Decompression Session: Micro Meditation

Think you don’t have time to meditate? Oh, but you do. As meditation practice has become increasingly mainstream, it has evolved to fit all schedules and lifestyles. And based on plentiful evidence, the short- and long-term benefits to your mental health are real. 

Most of us don’t have time to shell out dozens of hours and thousands of dollars on transcendental meditation classes—the Cadillac of the self-care industry. But the good news is that it’s possible to find a little quietude, even on the move. After all, you shouldn’t have to be as concerned about your own blood pressure as that of the patient you’re checking on. 

While there are websites galore and oodles of apps—some of which can guide you through a session as short as a minute, here are some hands-free options to shush the chaos in your head and help you reset, even when on shift or under a study deadline:

Technique 1: 4-7-8 (Also Known as “Just Breathe”)

Keep this technique in your back pocket for when things are extra frantic because it can soothe and center you in as little as 30 seconds. It’s called “4-7-8 Breathing” and it’s super simple: Inhale through your nose for a count of four, hold your breath for a count of seven, and then exhale through the mouth for a count of eight. Cycle through the steps as many times as needed but even just once can help you find serenity when you need it most.

Technique 2: Walking Meditation

You don’t have to be seated to be mindful. In fact, meditation while walking is an established practice. It’s a little different because instead of focusing on your breath, you tune into the sensation of your legs and feet while walking. Healthcare professionals often spend a lot of time either on their feet or sitting. Both can benefit from a meditative stroll. Walking between wards? Slow down, if you can, and notice the sensations of your feet, trying to relax your legs. Focus on that movement for as long as you have (ideally 10 minutes or more, but any amount of time is better than none). Pay attention to your body and how it interacts with what’s beneath it, whether it’s the parking lot or the hallway.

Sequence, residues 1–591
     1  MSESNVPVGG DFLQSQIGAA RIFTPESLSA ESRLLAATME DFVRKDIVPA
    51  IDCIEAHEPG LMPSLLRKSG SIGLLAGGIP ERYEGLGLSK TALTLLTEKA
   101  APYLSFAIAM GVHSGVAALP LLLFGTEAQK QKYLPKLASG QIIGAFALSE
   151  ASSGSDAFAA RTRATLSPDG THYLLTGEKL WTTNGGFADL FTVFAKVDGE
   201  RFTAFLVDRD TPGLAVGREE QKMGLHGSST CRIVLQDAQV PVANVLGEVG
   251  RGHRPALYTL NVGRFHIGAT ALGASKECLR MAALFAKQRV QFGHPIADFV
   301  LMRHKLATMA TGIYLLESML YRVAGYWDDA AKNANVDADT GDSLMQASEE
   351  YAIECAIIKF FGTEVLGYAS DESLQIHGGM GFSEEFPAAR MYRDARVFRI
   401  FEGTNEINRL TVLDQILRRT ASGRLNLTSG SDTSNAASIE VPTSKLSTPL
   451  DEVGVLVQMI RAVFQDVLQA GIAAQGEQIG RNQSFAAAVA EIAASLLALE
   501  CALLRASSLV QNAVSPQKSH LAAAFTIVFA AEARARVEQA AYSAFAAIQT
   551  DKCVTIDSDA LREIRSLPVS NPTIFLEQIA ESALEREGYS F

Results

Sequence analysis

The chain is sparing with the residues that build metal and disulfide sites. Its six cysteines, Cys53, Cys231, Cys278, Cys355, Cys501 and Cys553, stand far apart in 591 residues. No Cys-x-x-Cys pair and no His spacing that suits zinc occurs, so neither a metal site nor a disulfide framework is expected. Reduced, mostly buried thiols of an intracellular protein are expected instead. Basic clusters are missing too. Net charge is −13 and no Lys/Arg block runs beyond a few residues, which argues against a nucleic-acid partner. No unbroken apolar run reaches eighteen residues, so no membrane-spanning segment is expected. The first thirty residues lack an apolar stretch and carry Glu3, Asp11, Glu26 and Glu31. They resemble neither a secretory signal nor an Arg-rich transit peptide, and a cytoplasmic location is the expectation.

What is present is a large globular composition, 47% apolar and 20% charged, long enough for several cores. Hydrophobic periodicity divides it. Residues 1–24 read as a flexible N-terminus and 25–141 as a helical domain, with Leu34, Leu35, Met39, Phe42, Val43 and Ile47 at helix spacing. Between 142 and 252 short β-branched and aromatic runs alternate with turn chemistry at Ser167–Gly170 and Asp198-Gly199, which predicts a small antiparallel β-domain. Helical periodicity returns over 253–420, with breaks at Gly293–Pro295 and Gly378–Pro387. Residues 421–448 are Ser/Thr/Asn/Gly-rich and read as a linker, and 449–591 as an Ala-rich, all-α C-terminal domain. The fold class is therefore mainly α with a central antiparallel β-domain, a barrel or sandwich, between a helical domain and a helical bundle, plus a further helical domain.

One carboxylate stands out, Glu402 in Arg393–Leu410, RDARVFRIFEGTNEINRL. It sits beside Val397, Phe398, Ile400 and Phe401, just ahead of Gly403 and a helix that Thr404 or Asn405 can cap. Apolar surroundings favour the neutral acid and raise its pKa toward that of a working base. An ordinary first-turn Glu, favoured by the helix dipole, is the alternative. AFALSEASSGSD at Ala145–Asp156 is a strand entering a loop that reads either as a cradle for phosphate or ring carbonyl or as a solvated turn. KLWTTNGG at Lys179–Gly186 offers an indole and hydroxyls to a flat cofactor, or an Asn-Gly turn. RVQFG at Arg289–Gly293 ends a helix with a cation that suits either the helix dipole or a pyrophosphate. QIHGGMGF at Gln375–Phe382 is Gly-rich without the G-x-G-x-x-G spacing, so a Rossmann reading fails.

Technique 3: Don’t Think

Many improv training programs push students to “not think.” Instead? Listen. This might seem like an unlikely parallel to nursing, but the skills are still applicable. Healthcare professionals often have to think on their toes and make quick decisions. Intrusive thoughts can get in the way of your ability to focus and enjoy what you do. Listening without thinking can actually help you learn how to think better. If you find your thoughts swirling, remind yourself: Just listen. Your other thoughts can (and will) come back in a bit. It’s not easy at first. You’re in the business of urgency. We’re basically hard-wired for it. But it’s a great way to reconnect to your surroundings in a sensory way—and give yourself a short break from whatever’s zooming around inside that overactive brain of yours.

Main point? Don’t knock it ’til you try it … and try it again. They call it “practice” for a reason. And you’re already pursuing a career as a practitioner. It takes work to relax, as counterintuitive as that may sound. 

These are just three techniques out of many, and there are numerous resources out there to help you learn mindfulness and peacefulness. This list is tailored to those, like nurses and students, who might not have the resources, time, or money, to make meditation top priority. At WCU we encourage all our students to pursue wellness and unwind in healthy ways. We hope this helps.

Which is all to say: Namaste! 

If you want to learn more about our programs at West Coast University, you can request more information online. If you’re already a student, we’re so glad you’re with us. And stay tuned for our next Decompression Session, coming soon…

WCU provides career guidance and assistance but cannot guarantee employment. The views and opinions expressed are those of the individuals and do not necessarily reflect the beliefs or position of the school or of any instructor or student.